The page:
Steve Hurley, a trout expert with the Massachusetts Division of Fish and Wildlife, said the best thing we can do to protect the unique population of sea run brook trout is to keep land from being developed and to keep road run-off from going into the many streams that flow into the Westport River.
Asked what would happen if we lose these fish during a discussion here last week, Mr. Hurley hesitated, taken by surprise by the question. He later said that each stream has trout that are genetically linked to it. This linkage between trout and stream has taken the millennia since the ice age to evolve. Once they are gone, they are gone for good and we will lose an uncommon natural resource and its place in the ecosystem. We will also lose the economic benefits of a sea run brook trout fishery that could attract fly fishermen from all over the world.
Cold, clean water is key to the trout’s survival. Storm water discharges into these tributaries raises water temperatures. Trout need water temperatures under 70 degrees Fahrenheit to survive and actually prefer water below 60 degrees. Storm water run-off also puts siltation and contaminants from our roads into the streams which inhibits reproduction.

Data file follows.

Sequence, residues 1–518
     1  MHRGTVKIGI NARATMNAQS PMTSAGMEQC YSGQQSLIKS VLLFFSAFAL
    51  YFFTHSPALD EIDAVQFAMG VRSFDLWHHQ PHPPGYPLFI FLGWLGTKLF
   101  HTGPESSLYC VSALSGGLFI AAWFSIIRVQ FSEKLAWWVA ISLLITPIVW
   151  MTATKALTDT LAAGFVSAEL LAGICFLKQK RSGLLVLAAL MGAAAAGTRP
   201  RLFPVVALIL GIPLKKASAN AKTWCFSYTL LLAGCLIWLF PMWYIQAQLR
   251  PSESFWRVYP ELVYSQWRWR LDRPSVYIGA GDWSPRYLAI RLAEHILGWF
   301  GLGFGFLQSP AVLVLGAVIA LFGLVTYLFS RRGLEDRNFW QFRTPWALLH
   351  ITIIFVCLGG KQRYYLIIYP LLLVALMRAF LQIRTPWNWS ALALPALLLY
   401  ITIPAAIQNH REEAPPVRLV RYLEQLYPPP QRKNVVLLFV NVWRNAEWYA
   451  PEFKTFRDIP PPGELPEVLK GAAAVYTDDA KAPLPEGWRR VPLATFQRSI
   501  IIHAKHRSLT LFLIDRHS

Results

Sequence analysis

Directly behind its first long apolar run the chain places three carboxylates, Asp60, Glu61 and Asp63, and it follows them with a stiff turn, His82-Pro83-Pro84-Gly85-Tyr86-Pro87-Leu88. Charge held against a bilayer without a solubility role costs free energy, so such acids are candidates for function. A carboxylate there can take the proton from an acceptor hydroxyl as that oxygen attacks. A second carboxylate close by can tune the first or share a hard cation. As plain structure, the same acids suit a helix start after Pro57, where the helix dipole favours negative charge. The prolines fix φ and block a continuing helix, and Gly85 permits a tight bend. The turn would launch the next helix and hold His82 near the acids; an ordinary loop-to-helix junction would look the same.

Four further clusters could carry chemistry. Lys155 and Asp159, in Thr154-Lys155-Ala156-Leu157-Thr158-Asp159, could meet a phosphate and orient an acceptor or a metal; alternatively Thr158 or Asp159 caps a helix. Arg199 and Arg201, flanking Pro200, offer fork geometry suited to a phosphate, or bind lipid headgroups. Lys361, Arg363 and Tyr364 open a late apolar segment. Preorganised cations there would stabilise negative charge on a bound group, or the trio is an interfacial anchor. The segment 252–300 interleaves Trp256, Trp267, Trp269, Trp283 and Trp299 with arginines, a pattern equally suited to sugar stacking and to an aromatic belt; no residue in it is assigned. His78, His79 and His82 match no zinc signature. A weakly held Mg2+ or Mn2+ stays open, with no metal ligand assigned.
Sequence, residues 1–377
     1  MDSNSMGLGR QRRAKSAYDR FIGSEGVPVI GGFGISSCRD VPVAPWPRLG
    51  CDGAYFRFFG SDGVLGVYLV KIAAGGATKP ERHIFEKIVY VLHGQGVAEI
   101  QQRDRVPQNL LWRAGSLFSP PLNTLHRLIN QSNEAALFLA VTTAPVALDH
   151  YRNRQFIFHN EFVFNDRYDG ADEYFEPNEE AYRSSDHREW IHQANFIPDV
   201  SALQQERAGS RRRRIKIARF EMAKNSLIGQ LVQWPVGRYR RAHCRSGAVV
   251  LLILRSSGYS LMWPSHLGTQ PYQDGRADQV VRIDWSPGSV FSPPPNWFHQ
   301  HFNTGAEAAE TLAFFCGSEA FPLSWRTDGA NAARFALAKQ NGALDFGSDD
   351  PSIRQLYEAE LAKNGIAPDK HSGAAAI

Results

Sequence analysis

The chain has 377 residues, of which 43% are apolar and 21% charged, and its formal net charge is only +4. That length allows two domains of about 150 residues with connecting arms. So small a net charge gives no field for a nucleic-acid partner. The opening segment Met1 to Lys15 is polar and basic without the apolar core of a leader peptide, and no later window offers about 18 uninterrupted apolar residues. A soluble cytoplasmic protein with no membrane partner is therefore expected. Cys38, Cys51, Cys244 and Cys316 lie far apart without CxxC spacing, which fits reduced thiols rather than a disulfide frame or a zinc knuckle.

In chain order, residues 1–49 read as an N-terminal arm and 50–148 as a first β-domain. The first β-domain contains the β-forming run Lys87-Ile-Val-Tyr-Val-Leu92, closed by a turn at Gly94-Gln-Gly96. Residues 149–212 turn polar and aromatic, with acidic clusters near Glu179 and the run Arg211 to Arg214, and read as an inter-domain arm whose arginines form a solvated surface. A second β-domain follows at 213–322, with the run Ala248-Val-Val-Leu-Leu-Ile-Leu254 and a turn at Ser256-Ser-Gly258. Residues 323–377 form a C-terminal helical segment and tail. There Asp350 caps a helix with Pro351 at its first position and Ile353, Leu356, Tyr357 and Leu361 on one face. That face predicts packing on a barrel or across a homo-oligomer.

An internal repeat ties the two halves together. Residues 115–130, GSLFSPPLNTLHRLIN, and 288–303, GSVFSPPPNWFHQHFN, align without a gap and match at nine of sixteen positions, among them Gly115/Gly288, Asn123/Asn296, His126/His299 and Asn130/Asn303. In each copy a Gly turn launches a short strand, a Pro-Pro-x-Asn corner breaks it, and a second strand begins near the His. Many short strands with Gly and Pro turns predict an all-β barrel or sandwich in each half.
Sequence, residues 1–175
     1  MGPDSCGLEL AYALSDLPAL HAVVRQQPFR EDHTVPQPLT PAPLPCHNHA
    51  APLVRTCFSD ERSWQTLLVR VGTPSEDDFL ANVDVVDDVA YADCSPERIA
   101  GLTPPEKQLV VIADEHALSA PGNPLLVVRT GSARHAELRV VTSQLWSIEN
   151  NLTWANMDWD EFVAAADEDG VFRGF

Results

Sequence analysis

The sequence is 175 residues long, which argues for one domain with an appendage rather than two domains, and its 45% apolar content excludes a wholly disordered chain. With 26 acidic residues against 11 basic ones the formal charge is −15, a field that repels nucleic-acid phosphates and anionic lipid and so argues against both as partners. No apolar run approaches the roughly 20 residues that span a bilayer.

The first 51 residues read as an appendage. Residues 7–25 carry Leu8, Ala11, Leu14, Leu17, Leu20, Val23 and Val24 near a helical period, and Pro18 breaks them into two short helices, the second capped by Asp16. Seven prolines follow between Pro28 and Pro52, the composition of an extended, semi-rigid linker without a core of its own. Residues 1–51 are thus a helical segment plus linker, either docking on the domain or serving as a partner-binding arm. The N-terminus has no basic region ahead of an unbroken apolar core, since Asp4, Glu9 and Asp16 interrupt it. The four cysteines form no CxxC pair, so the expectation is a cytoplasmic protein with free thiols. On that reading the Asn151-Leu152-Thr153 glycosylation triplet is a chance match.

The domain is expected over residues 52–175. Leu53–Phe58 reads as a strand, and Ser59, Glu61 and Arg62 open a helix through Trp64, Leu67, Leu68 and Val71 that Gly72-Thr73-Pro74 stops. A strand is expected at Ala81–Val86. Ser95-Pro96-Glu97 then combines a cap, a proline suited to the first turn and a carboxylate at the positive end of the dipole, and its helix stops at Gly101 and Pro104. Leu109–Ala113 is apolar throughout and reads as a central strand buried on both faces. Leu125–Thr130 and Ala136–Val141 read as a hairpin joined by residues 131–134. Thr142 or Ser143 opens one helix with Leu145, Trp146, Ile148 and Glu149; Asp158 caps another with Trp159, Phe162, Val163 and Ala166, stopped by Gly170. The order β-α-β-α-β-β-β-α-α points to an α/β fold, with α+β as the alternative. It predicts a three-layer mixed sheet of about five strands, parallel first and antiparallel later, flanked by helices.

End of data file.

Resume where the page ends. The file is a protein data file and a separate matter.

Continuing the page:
Culverts, like dams, besides warming water can become obstacles to diadromous fish runs like the sea run brook trout. Other examples of diadromous fish include the American eel and various herring. He pointed to the Town of Westport’s effort to replace the culvert at the Drift Road and Sam Tripp Brook. The old granite culvert had collapsed preventing fish passage up and down the stream.
Mr. Hurley was a guest of the Westport River Watershed Alliance and the Westport Fishermen Association. Both groups will plan maintenance and stream restoration efforts to protect and increase the population of the Westport River Watershed sea run brook trout. Volunteers who are interested in helping are invited to email [email protected]